Levingston Awarded $200 Million To Build Five Bulk Cargo Ships

Robert J. Blackwell, Assistant Secretary of Commerce for Maritime Affairs, has announced the award of a $200,075,000 contract to Levingston Shipbuilding Company, Orange, Texas, to construct five self-sustaining dry-bulk cargo ships. The shipowner is Levingston Falcon I Shipping Company, also of Orange.

Under the federally assisted ship-construction program, the Maritime Administration (Mar- Ad), an agency of the U.S. Department of Commerce, will pay nearly half the costs of the vessels.

A d d i t i o n a l l y , it will pay $37,000 per vessel for the installation of national defense features.

"This project is a significant first step in revitalizing the U.S.- flag dry-bulk fleet which now consists of only 19 vessels with a combined cargo-carrying capacity of 556,000 deadweight tons," Mr.

Blackwell said. Pointing out that no new dry-bulk carriers have been built in the United States since 1974, he added, "We currently have under review a maritime aids program for the drybulk industry which should be of further help in upgrading U.S.- flag dry shipping capacity.

"The construction of each ship will generate approximately 630 man-years of employment for the Levingston work force and a like amount for workers in the allied marine supply industry. The total for all five ships could be more than 6,000 man-years of employment for American workers, a significant development at a time when shipbuilding is in a worldwide decline." The ships will trade worldwide; it is anticipated that they will be carrying grain from U.S. Gulf ports to ports in the Far East, sugar from the Philippines to U.S.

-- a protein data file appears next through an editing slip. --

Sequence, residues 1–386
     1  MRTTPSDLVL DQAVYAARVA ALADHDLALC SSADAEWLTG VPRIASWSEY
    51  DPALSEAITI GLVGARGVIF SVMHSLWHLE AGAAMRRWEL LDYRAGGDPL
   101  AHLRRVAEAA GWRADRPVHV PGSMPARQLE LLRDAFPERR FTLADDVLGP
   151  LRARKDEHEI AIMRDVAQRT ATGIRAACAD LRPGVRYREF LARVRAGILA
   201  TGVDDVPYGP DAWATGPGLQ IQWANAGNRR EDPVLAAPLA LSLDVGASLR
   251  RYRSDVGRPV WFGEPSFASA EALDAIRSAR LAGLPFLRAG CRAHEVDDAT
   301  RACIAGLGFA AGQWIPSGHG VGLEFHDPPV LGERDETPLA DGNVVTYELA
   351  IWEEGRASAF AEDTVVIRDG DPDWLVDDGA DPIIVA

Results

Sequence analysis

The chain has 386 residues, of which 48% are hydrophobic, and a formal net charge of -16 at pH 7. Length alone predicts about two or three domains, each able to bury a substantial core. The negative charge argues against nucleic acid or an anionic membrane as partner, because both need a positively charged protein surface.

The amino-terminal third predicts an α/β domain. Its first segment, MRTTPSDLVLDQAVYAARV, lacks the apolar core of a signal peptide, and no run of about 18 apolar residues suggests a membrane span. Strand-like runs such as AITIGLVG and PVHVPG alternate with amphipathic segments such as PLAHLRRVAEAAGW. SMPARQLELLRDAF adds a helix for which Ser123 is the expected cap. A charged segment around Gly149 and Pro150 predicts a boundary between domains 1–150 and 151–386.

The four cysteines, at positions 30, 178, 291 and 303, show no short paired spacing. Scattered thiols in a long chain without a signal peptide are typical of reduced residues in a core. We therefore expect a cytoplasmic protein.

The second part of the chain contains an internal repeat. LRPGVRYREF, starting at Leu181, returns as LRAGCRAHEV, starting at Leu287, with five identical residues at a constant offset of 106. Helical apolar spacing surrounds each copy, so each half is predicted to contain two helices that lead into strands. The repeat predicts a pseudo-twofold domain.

Gulf p o r t s , and wood and iron products from Taiwan to U.S.

Gulf ports.

Each vessel will be 616 feet long, 93 feet wide, and 50 feet deep. Rated at 36,414 dwt and 15,600 horsepower, the ships will have a speed of 16.4 knots. Each will carry a crew of 26.

The ships will be of a design produced by the Japanese shipbuilding firm of Ishikawajima- Harima Heavy Industries Co., Ltd.

(IHI). Under a separate research and development contract, also announced, Levingston Shipbuilding will match $1.2 million from Mar Ad to employ IHI as a major subcontractor. IHI is to share its production experience and technology with the Texas shipyard, with the information also to be available to the U.S. Government and other U.S. shipyards.

The first ship is scheduled for delivery December 31, 1980, with others to follow at six-month intervals.

MarAd also awarded a 20-year operating-differential subsidy contract to E q u i t y C a r r i e r s , Inc., New York, N.Y., which will bareboat charter the vessels for 20 years.

The shipowner is a general partnership which includes Levingston Alpha Shipping, Inc., a wholly owned subsidiary of Levingston Navigation Company, Inc., which in turn is owned by the shipyard.

Two o t h e r members of the partnership, Falcon Cargo Ships, Inc., and Falcon Dry Bulk, Inc., are wholly owned by Falcon Equities, Inc., which is owned by C.C.

Wei, Y.J. Hsi, H.M. Hu and the H.H. Wasson Maritime Trust. The fourth partner, Falcon Investors, Inc., is wholly owned by Falcon Carriers, Inc., which is owned by Colt Industries, the Estate of Houston H. Wasson, and C.C. Wei.

Maritime Reporter Magazine, page 8,  Nov 1978

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